• Unusual sexual fantasies, drives or behavior occur over a time span of at least six months. Sometimes unusual sexual fantasies occur and vanish by themselves; in this case any medical treatment is not necessary.
  • The affected person, her object or another person experience impairment or distress in multiple functional areas. Functional area refers to different aspects of life such as private social contacts, job, etc. It is sufficient for the diagnosis if one of the participants is being hurt or mistreated in any other way.

It must be noted that a correct diagnosis in terms of the ICD manual stipulates hierarchical proceeding. That is, first the criteria for F65 must be fulfilled, then those for F65.0. As criteria are not repeated in substages this can be mistakable to laymen or medics that have not been educated in the use of this manual. Furthermore, it must be noted that according to the ICD, an addiction to specific parts or features of the human body and even "inanimate" parts of corpses, under no circumstances are fetishism, even though some of them may be forms of paraphilia. Look up paraphilia in Wiktionary, the free dictionary. ...


According to the DSM-IV, fetishism is the use of inanimate objects or parts of the human body as a stimulus to achieve sexual arousal and satisfaction. The corresponding DSM-code for fetishism is 302.81, the diagnostic criteria are the same as those of the ICD. That means that ICD and DSM diverge in their interpretation of fetishism with respect to body parts. This can lead to misunderstandings when evaluating publications that come from different countries and use different diagnostic manuals. In the DSM manual, all diagnostic criteria are given in the corresponding section of the text book, i. e. here no hierarchical processing is needed.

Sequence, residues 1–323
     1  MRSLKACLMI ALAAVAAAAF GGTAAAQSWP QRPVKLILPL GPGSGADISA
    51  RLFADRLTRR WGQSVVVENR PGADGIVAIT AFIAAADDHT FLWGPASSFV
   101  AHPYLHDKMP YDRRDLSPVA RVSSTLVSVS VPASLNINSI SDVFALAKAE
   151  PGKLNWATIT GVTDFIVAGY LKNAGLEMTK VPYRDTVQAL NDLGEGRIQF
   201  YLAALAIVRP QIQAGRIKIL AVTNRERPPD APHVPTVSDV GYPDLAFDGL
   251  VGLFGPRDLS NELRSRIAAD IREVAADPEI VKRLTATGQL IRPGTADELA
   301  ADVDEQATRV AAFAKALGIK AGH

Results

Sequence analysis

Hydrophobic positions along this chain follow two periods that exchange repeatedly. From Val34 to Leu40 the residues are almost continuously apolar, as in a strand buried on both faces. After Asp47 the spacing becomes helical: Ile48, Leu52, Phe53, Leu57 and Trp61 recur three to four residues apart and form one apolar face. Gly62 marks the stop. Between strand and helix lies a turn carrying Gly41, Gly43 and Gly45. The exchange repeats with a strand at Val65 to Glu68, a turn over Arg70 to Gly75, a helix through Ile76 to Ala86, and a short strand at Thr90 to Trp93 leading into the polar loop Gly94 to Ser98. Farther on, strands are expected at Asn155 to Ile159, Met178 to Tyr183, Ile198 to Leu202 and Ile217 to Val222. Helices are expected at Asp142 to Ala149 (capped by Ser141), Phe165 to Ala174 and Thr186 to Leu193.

Both definitions are the result of longsome discussions and multiple revisions. Still today, arguments go on whether a specific diagnosis fetishism is needed at all or if paraphilia as such is sufficient. Some demand that the diagnosis be abolished completely to no longer stigmatize fetishists, e. g. project ReviseF65. Others demand that it be specified even more to prevent scientists from confusing it with the popular use of the term fetishism. And then again, ever and anon researchers argue that it should be expanded to cover other sexual orientations, such as an addiction to words or fire. ReviseF65 is a committee that is working to get sexual sadism, masochism, fetishism and transvestism abolished from the World Health Organizations list of psychiatric diagnoses, ICD. The committee is also involved in general work against discrimination and harassment of sadomasochists. ...


Treatment